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Miike coal mine explosion and disaster, Japan

The Mitsui Miike coal dust explosion on 9 November 1963 was the second deadliest coal mining disaster in Japan. 458 miners were killed in the accident and twice as many were permanently injured. Monetary compensation was small.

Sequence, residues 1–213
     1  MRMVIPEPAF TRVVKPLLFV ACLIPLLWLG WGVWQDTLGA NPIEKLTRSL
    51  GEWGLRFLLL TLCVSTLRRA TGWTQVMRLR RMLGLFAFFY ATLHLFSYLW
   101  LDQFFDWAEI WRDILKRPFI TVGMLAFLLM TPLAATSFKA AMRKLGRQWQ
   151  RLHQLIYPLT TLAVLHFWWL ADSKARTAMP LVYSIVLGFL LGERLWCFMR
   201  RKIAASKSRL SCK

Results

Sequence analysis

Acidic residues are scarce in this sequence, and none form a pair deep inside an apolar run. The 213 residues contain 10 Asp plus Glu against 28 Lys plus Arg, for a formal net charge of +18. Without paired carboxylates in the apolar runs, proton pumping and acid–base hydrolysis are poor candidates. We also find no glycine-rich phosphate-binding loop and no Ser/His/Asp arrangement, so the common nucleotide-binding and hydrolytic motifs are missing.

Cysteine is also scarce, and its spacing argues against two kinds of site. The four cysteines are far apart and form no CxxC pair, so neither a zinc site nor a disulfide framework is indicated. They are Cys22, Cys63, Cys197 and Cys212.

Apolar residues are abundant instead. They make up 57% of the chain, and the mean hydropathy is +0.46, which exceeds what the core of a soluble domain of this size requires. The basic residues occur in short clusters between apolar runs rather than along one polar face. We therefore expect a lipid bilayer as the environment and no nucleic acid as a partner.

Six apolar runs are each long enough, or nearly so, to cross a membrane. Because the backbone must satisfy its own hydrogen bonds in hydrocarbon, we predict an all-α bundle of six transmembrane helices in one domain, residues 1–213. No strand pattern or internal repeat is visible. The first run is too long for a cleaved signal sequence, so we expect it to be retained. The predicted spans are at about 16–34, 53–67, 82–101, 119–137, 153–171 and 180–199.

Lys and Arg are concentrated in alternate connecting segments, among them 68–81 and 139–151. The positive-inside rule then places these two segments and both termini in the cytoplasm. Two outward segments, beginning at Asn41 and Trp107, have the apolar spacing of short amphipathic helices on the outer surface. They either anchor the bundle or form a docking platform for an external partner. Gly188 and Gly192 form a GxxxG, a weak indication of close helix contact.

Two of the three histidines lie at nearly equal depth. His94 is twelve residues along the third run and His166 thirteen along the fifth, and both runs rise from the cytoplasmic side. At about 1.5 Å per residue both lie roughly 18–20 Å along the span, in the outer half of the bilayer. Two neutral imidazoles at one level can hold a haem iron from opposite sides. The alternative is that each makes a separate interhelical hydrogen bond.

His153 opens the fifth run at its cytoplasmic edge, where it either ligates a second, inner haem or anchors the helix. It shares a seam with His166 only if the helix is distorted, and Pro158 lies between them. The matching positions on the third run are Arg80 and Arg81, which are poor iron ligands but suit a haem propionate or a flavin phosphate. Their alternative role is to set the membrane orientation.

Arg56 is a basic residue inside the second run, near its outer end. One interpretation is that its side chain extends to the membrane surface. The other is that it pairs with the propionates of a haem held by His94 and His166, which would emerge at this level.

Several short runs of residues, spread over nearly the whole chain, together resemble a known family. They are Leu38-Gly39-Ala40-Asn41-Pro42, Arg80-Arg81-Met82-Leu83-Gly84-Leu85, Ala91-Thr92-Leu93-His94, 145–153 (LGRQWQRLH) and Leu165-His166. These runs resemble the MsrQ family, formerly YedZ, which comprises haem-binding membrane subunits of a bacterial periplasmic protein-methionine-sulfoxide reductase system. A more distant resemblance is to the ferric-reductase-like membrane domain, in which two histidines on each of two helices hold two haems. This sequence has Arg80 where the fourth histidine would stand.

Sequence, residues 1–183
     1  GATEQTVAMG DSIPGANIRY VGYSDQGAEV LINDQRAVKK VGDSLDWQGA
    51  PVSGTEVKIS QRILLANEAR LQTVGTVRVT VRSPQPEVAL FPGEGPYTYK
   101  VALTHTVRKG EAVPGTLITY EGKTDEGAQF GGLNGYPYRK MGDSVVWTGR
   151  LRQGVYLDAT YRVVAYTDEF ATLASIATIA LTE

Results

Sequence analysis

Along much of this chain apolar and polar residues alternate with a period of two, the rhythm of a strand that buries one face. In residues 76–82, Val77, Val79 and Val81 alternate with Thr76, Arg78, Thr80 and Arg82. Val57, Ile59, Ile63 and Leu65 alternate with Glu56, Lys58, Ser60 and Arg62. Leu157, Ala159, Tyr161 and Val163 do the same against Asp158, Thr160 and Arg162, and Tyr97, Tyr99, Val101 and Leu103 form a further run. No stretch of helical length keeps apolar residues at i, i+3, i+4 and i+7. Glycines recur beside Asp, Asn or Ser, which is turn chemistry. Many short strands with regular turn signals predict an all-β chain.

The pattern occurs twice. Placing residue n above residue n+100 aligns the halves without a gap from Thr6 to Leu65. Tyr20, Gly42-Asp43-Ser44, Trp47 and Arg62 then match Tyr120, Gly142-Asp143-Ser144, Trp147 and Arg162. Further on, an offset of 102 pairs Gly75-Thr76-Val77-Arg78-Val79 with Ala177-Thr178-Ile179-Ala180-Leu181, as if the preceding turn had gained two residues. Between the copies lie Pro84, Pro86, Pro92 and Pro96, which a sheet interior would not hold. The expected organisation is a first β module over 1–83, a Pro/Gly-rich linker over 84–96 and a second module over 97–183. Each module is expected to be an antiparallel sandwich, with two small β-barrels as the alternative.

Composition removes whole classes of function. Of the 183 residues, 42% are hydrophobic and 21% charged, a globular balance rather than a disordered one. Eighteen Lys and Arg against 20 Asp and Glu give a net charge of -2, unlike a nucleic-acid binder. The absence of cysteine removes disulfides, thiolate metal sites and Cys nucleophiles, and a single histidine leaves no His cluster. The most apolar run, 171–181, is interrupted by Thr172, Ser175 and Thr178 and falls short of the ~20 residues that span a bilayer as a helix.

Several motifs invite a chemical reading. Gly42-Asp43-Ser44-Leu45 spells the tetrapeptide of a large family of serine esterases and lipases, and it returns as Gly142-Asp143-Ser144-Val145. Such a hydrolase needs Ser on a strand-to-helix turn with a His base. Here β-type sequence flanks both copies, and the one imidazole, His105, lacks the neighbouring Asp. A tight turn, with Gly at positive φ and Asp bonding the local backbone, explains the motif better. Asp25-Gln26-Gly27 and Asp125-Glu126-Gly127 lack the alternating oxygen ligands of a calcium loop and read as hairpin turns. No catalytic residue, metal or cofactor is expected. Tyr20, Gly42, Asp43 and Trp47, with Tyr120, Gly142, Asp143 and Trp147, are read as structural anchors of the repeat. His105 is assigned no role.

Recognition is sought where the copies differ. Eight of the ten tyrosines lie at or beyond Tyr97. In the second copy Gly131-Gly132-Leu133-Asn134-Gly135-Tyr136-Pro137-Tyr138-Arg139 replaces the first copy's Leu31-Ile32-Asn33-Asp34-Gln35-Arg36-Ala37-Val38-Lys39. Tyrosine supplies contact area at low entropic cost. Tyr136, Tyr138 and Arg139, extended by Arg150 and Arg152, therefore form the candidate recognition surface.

A memorial ceremony was held on 9 November 2013 to mark the 50th anniversary of the country’s worst mine accident in the postwar era. [3] An explosion in 1963 at the Mitsui Miike coal mine in Omuta, Fukuoka Prefecture,  and Arao, Kumamoto Prefecture, which used to be one of the country’s largest, killed 458 workers. Another 839 suffered carbon monoxide poisoning.  The mine, which closed down in 1997, was operated by Mitsui Mining Co. On November 9, 1963, the explosion occurred in a mine tunnel roughly 500 meters below the mine ground-level entrance. The blast and flame caused roof fall in many areas in the tunnels, which then quickly filled with carbon monoxide.  It was the worst postwar mine disaster. Lack of safety provisions to prevent coal dust was the main cause. Coal dust was the cause. Coal-dust explosions are the worst type of explosion because there is a great amount of carbon monoxide produced. As a result of this, many mine workers continue to suffer from the long-term after-effects of carbon monoxide poisoning even if they are lucky enough to be rescued alive. Methane gas explosions create carbon monoxide when the density of the gas is high, but if there is not much gas it is more often than not dispersed in the air. However, in coal-dust explosions the story is a very different one. Coal dust, being a solid rather than a gas, does not burn completely, and high-density coal-dust clouds can be formed. This prevents adequate air circulation, contributing to the production of carbon monoxide. Even if a coal-dust explosion does not spread throughout the length and breadth of the mine, the resulting carbon monoxide gas does in fact spread in this way and all the workers are poisoned. The Miike mine explosion of 1963 was an example of this. [1]  It was common knowledge that maintaining the site clean and making the area moist by watering could prevent such explosions. These easy preventive measures had been in place on a routine basis. However, after a strong labour dispute  in 1960, the insufficient number of safety personnel, caused by the employer's productivity-first policy, failed to take those measures. In 1955 coal as a primary energy source provided 50 per cent of energy needs in Japan, but after the Miike labour dispute and mine explosion, the level decreased, dropping to 16.4 per cent by 1975, while the use of oil increased from 20.2 to 73.3 per cent. [1].  The accident was second worst in Japanese mining history and one of the worst ever recorded in the world, and resulted in a series of lawsuits that dragged on until 1987, when it is reported that each of the victims' families was awarded the modest sum of US$1,800.[2]